Trypan Blue Viability

Trypan Blue Viability: Viability is a measure of the metabolic state of a cell population which is indicative of the potential for growth. Trypan blue viability is a dye exclusion method that utilizes membrane integrity to identify dead cells. Trypan blue dye is unable to penetrate healthy cells, so they remain unstained. Dead cells have a compromised cell membrane that is permeable to the trypan blue dye. Dead cells are stained blue and display as dark cells in the Cellometer software with bright field imaging. Within 30 seconds, the Cellometer Auto T4 instrument counts both live cells and dead cells and calculates % viability for a cell sample.

Trypan Blue Viability Using the Auto T4

A. Preparing Your Cell Sample:
1. A cell concentration of 2.5 x 10<5 to 1.0 x 10<7 cells/mL is recommended
2. Invert the tube containing cells ten times and pipette up and down ten times to generate a homogeneous cell sample and reduce cell clumps. Do not shake or vortex the sample! This will generate bubbles.
3. For viability measurement, stain cells by combining 50 µl of cell sample with 50 µl of a 0.2% trypan blue staining solution (for a final concentration of 0.1% trypan blue). Gently mix by pipetting up and down ten times.

B. Analyzing a Sample for Concentration and Trypan Blue Viability:
1. Peel plastic off of both sides of the Cellometer slide. (for SD100 slides, the plastic has already been removed)
2. Place cell counting chamber on a fresh Kimwipe
3. Label slide chamber #1 and chamber #2 on the white margin of the chamber. Avoid touching the clear portion of the counting chamber.
4. Load 20 µl of mixed cell sample into the Cellometer counting chamber (see page 20 of the Auto T4 User Manual).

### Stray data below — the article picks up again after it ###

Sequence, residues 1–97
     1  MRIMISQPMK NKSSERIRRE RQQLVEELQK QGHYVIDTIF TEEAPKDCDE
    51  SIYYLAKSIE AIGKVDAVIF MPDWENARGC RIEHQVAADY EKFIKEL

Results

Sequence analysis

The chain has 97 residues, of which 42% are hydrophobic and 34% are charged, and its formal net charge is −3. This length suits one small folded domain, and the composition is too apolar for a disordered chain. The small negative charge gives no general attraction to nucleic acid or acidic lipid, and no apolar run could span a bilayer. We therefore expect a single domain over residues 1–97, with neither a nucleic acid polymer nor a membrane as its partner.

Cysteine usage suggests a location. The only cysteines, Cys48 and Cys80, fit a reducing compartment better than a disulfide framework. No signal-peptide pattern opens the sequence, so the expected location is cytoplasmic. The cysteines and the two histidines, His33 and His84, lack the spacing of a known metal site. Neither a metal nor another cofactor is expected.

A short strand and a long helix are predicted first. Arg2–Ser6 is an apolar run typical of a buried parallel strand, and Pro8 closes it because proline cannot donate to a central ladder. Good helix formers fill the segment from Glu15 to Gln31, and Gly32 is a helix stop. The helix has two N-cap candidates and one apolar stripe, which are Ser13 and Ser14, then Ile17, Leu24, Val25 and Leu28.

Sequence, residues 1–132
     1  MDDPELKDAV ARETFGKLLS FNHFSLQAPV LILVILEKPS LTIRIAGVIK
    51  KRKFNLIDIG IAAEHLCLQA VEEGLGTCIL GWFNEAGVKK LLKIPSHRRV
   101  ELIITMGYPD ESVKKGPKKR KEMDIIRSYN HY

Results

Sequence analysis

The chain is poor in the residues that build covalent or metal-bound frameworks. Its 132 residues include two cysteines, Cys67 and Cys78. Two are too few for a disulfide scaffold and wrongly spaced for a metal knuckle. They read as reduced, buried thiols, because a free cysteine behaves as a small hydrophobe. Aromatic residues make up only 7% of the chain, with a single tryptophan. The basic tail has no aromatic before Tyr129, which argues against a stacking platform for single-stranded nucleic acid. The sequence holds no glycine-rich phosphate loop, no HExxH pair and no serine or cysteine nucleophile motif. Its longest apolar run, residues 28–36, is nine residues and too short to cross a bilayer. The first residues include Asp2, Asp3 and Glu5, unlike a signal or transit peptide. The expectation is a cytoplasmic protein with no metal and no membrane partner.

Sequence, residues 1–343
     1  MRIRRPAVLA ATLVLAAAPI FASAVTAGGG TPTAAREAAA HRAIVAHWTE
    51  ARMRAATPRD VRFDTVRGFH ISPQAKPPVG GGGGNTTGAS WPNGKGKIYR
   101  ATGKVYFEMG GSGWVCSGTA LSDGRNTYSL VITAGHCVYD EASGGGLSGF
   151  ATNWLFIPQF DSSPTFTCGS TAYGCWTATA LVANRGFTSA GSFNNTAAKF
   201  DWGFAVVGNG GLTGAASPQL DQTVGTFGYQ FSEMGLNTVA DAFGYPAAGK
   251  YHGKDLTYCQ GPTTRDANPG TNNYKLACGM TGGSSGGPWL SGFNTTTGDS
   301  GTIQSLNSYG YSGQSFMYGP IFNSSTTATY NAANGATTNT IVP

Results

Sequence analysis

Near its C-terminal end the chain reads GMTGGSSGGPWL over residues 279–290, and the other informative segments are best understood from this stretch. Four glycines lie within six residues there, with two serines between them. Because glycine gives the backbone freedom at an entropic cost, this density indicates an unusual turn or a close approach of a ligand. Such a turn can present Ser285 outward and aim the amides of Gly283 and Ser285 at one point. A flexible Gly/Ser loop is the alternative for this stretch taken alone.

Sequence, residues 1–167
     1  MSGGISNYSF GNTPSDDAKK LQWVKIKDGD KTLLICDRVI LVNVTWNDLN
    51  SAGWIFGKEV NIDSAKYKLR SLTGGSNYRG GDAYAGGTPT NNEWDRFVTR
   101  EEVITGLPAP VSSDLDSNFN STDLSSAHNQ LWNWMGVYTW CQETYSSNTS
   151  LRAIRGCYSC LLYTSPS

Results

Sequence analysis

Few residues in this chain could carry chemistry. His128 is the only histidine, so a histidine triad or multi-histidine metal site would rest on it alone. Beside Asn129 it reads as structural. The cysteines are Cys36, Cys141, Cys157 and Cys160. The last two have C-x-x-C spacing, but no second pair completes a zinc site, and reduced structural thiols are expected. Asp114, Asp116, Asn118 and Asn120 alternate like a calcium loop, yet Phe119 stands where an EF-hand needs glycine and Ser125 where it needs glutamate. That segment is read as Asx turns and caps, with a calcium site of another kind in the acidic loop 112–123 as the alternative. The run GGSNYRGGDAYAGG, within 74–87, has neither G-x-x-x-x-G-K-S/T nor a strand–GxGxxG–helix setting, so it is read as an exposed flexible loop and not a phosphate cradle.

5. Insert the loaded chamber into the Auto T4 sample slot and gently push the slide to the stop.
6. Click the Display Image button at the top left of the screen.
7. Slowly turn the “Focus Knob” until the best cell counting focus is achieved. Live cells have a bright center and a clearly defined edge (also refer to the Cellometer Focus Guide)
8. Check the Test Viability box if you have stained cells with trypan blue for viability

9. Select the Cell Type Wizard from the Cell Type drop-down menu to create a new cell type.

10. Check Live Image and click Continue

11.. Enter a new Cell Type Name and Detailed Description (optional) and click Save.

12. After saving the new cell type, enter the Sample ID and Dilution factor. For undiluted samples (cell counting only), the Dilution factor is 1. If cells were stained with trypan blue at the recommended 1:1 dilution for viability determination, the Dilution factor is 2.

13. Click the Count button at the top left of the screen. When counting is complete, the software will display the Live / Dead Cell Count, Total Cell Count, Mean Diameter, % Viability, Live Cell Concentration, and Total Cell Concentration in the table at the bottom left of the screen.

14. If the Total Cell Count is < 100, the cell sample is too dilute. Analyze a more concentrated sample using the newly-created cell type from the drop-down menu. If the Total Cell Count is > 3,000, dilute the original cell sample in the appropriate media or PBS and analyze using the newly-created cell type from the drop-down menu.
15. Check the Counted box and click 1 (for image 1 of 4) at the right hand side of the screen.

16. Live cells with a bright center should be circled in green. Dead cells which are dark should be circled in red. Individual cells within clumps or doublets should be circled. If it appears that live / dead cells and / or cell clumps are not being analyzed correctly, please contact Nexcelom Technical Support at support@nexcelom.com or 978-327-5340. A Nexcelom Technical Support Specialist is available from 8:30 am to 5 pm EST for assistance with optimization of software settings.

Dead cells stained with trypan blue appear dark and are circled in red.

Download Trypan Blue Instructions for the Auto T4:  Trypan Blue Viability with Auto T4 June 2012

By | 2012-04-13T14:32:54+00:00 April 13th, 2012|Categories: About Cell-Based Assays|0 Comments

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